DNA Structure

Abstract

Deoxyribonucleic acid (DNA) is a polymer of nucleotides that provides the chemical basis for inheritable characteristics of all cellular organisms. The genetic information in DNA is defined by the sequence of individual bases, which are the pyrimidines, cytosine and thymine and the purines, guanine and adenine. Hydrogen bonds form between appropriately positioned donors and acceptors on the bases of each strand, such that A pairs with T and G pairs with C. In the cell, DNA usually adopts a double‐stranded helical form, with complementary base pairing holding the two strands together. The most stable double‐stranded conformation is called B‐form DNA. A high degree of flexibility in DNA molecules means that a wide range of other structures can occur under specific conditions, including some that involve more than two strands of DNA.

Key Concepts:

  • Deoxyribonucleic acid (DNA) is the genetic material of all cellular organisms and provides the chemical basis for inheritable characteristics.

  • DNA is a polymer of nucleotides, each being the phosphate ester of one of four different nucleosides that consist of a five‐carbon sugar and a nitrogen‐containing base; the presence of different chemical groups at opposing ends of the nucleotide means that it has polarity, with sequence details usually defined in the 5′ to 3′ direction.

  • The genetic information contained in DNA is defined by the sequence of individual bases, which are the pyrimidines – cytosine (C) and thymine (T) – and the purines – guanine (G) and adenine (A).

  • Double‐stranded DNA has a 1:1 ratio of purine to pyrimidine bases, known as Chargaff's rules; hydrogen bonds are formed between appropriately positioned donors and acceptors on the bases of each strand, such that A pairs with T and G pairs with C.

  • Base‐pairing rules mean that the sequence of one strand dictates the sequence of the second strand – a fundamental property of DNA in copying this information into new DNA molecules (replication) and for directing the synthesis of RNA molecules (transcription).

  • In 1953 the structure of DNA was shown to consist of two twisted backbone chains of alternating units of phosphoric acid and deoxyribose, linked by crosspieces of purine and pyrimidine bases.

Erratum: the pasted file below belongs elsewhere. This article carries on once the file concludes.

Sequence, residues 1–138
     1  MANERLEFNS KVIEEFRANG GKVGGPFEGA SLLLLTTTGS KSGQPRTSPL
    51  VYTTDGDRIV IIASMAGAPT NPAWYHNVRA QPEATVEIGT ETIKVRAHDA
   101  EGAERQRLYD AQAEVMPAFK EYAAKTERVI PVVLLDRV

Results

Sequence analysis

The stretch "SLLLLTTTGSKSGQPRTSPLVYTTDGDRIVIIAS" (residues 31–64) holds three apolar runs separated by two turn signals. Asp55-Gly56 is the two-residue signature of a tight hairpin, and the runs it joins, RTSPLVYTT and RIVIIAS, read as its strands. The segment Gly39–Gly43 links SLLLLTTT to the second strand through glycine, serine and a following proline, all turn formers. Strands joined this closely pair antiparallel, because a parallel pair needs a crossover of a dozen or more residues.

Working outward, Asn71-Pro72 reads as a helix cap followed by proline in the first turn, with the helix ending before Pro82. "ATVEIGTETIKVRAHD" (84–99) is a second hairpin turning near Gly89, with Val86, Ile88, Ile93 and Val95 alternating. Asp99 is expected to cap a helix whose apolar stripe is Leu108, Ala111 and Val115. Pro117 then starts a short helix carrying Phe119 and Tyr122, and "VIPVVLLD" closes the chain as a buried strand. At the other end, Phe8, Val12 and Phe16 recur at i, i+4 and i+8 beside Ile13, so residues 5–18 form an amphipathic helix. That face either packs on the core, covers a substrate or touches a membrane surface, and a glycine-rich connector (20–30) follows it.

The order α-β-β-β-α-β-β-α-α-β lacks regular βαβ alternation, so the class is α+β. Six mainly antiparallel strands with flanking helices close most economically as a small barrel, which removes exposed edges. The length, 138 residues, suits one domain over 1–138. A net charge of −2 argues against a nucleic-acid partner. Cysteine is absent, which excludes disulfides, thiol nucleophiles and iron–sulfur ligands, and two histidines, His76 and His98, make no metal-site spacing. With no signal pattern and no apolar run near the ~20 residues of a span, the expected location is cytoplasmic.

• In addition to base pairing, DNA helices are stabilised by base‐stacking interactions that occur between neighbouring bases in order to reduce the area of these hydrophobic heterocycles that are exposed to solvent.

  • In Watson–Crick base pairs, the two sugars linked to each base are located on the same side of the helix, meaning that the gap between these sugars forms asymmetric, continuous grooves in the surface, referred to as ‘major’ and ‘minor’.

  • DNA has a remarkably supple structure that can adopt a variety of bends, twists and altered helical and nonhelical conformations that are typically stabilised by the many different hydrogen‐bonding schemes that can form.

  • Many unusual conformations of DNA have been identified in vitro, including some involving more than two strands of DNA, such as triplexes (three strands) and quadruplexes (four strands), although the significance for such structures in biological functions is not yet fully clear.

Keywords: deoxyribonucleic acid; base pair; gene; double helix; Watson–Crick; unusual DNA structures

Figure 1.

Structure of DNA and base pairs. Note that bond lengths are not proportional and some have been exaggerated for clarity. Broken lines represent hydrogen bonds in each base pair. (a) Chemical structure of DNA. The nomenclature for each base and its corresponding nucleoside is indicated. Atoms are numbered for one sugar, one purine base and one pyrimidine base. A single phosphodiester linkage is shown between adjacent nucleosides on each strand. Arrows highlight the antiparallel orientation of each polynucleotide strand in a duplex. The major and minor groove edges of each base pair are indicated. (b) Hoogsteen and reverse Hoogsteen base pairs of dA·dT and dG·dC.

Figure 2.

Three‐dimensional space‐filling models of B‐, A‐ and Z‐form helices. Major (M) and minor (m) grooves are indicated for each double helix.

Figure 3.

Three‐dimensional space‐filling models and hydrogen‐bonding patterns for triplexes and quadruplexes. Broken lines indicate hydrogen bonds and ‘R groups’ represent the continuation of polynucleotide structure through the phosphate and sugar backbone.

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Sayre A (1975) Rosalind Franklin and DNA. New York: Norton.

Watson JD (1997) The Double Helix: A Personal Account of the Discovery of the Structure of DNA. London: Weidenfeld & Nicolson.

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Bowater, Richard P, and Waller, Zoë AE(Apr 2014) DNA Structure. In: eLS. John Wiley & Sons Ltd, Chichester. http://www.els.net [doi: 10.1002/9780470015902.a0006002.pub2]